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Why Hong Kong needs a fiscal deficit

Updated: Oct 21, 2021

Ernest Lau is a guest writer for the Warwick Economics Summit Blog. He is studying Philosophy, Politics, and Economics at Hatfield College, Durham University

In the 2020-21 Budget Speech delivered by Financial Secretary Paul Chan, it was predicted that the Hong Kong SAR Government would run its first fiscal deficit in 15 years, at HKD$139.1 billion. The epidemic had a detrimental effect on Hong Kong’s economy, as it forced stores (especially restaurants) to close early and blocked tourists from visiting the city, leading to a sharp drop in the demand side of the economy. Therefore, the HKSAR government rolled out the Anti-epidemic Fund (AEF) which cost just under HKD$200 billion, hence the actual prevailing deficit is set to be higher than the predicted one. Despite the spike in government expenditure caused by the epidemic, Chief Executive Carrie Lam is still determined to push forward her ‘Lantau Tomorrow Vision’ initiative that was first proposed in her 2018 policy address. It was met with fierce opposition from the pro-democracy camp and the ecologists, citing detrimental effects to marine life, as well as depleting fiscal reserves of the government. I will not discuss whether this initiative would be damaging to the environment, or if it is a gift that enables land developers to make gigantic profits. I will only focus on rebuking the argument that the project should not be pursued because it would cost nearly half of the city’s fiscal reserves, leading to an unsustainable budget.

In the aftermath of the 2007-8 financial crisis, many governments introduced austerity programmes. The UK’s austerity programme, led by Cameron and Osborne, saw more than £30 billion being cut in welfare expenditure. Greece went even further and was forced by the IMF, ECB, and the EU to introduce a range of austerity packages in 2010, 2012, and 2015, as they faced a sovereign default. These policies could be explained by the Swabian housewife metaphor put forward by German Chancellor Angela Merkel -- You need to put your house in order by paying off your debt and therefore you now must tighten your belt to repay the debt you accumulated yourself and eventually run a primary surplus in the long run. However, is this the right mentality for a government?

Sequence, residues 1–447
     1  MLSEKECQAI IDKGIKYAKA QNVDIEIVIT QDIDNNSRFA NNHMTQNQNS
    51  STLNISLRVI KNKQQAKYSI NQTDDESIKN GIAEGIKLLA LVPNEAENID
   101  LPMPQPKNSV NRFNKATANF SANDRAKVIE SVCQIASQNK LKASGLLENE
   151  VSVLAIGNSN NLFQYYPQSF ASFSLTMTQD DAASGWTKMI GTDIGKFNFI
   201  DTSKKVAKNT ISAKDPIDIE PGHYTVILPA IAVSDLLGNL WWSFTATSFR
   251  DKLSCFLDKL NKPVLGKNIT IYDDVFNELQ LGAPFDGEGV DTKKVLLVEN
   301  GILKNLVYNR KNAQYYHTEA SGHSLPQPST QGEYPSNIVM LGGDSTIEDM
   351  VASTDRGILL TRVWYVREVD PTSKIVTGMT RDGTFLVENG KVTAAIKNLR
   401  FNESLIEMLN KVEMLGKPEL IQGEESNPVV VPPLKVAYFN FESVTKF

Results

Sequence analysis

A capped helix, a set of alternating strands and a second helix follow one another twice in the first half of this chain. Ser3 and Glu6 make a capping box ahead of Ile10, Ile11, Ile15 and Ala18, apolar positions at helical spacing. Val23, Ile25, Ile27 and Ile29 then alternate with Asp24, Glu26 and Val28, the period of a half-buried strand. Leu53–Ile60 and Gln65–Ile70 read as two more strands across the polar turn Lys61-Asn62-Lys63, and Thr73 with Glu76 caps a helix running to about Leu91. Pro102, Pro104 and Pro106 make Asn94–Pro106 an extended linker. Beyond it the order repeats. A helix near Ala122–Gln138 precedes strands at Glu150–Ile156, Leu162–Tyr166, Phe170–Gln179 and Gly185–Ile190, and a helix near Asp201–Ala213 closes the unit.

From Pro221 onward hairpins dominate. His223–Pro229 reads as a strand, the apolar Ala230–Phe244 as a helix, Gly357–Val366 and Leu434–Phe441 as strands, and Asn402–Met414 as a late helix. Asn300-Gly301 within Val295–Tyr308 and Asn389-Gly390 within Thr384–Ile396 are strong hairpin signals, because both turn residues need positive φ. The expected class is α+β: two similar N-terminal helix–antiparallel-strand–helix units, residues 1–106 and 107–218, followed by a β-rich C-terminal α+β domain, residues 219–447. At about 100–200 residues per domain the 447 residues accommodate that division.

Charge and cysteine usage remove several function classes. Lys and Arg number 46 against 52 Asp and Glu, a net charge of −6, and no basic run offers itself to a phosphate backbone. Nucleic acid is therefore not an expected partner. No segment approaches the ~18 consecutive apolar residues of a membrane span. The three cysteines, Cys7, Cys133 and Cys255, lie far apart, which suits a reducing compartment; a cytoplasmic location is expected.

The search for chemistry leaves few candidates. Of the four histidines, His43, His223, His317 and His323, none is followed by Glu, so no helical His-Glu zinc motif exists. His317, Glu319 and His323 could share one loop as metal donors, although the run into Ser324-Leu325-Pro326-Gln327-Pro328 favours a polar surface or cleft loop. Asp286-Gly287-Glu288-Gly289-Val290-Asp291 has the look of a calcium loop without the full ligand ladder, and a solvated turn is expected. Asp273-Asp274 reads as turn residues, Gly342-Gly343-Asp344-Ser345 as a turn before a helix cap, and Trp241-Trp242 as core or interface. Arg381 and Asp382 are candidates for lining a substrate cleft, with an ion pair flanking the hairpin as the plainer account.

Although it is appealing to say that each and every government should not spend more than they earn, it is important to remember that the household budget is very different from the government one. A government can take a substantial amount of debt for a prolonged period without fear of default. The obvious example is that it can print legal tender, which a household can’t do. Therefore, a fresh approach should be taken to walk out of an economic crisis, to prevent the world following Greece’s footsteps after the 2008 crisis, which saw their GDP drop by nearly 50% largely due to the austerity policies, as argued by former Greek Finance Minister Yanis Varofakis.

The situation faced by worldwide governments can be illustrated in the diagram above, which was put forward by Paul Krugman in his 2009 blog and later refined by Matteo Iannizotto. It takes the sectoral balance approach and the closed economy accounting identity of ‘Private Domestic Balance (Savings [S(y)] - Investment [I]) = Fiscal Deficit (Government Expenditure [G] - Taxation Revenue [T(y)])’, and hence the Private and Fiscal Balance curves. Although it is annotated on the graph that the vertical axis measures the level of fiscal deficit (or surplus), it also measures the level of private deficit (or surplus), which in the closed economy case mirrors the level of fiscal deficit (or surplus). The dark blue line denotes the original position, where there is neither a fiscal deficit nor a surplus. When there is a drop in investment, as empirically seen by companies (especially the commodities and consumer goods sectors) taking a more conservative expansion approach recently, the Private Balance curve moves up, bringing us to Point B, where there is a fiscal deficit and a drop in output. Intuitively explained, this is because a drop in investment will lead to a drop in tax revenue from sources such as stamp duty and corporate tax, leading to the government expenditure (which is somewhat unchanged) now being higher than the government revenue, and ultimately resulting in a fiscal deficit. Krugman argues that the Government has two options, the deficit hawks approach and the deficit doves approach.

The deficit hawks approach (denoted in red) was the response widely taken by worldwide governments in the aftermath of the 2007-8 financial crisis. Although the budget was balanced, it led to a massive decrease in output, leading to a prolonged recession, or as Krugman puts it, a ‘Great Depression’. A comparatively novel response would be the deficit doves approach, which aims to recover output at the expense of the fiscal balance. This will lead to an alternative Point C denoted in green, where there is a further increase in fiscal deficit but with a much lower overall drop in output. To do this, an increase in government expenditure is required to kickstart the economy -- and the Lantau Tomorrow Vision is exactly an initiative which would do this trick. Building infrastructure, or in this case, a massive development project, is an investment, not consumption. It brings jobs and opportunities to the area and would create an economic boom as seen by the Government Expenditure multiplier proved by Keynes. However, Lantau Tomorrow Vision is not necessarily the only lifesaver of Hong Kong’s economy. Any viable investments by the government would do -- including developing brownfield sites and peripheries of the country parks. But that is another debate.


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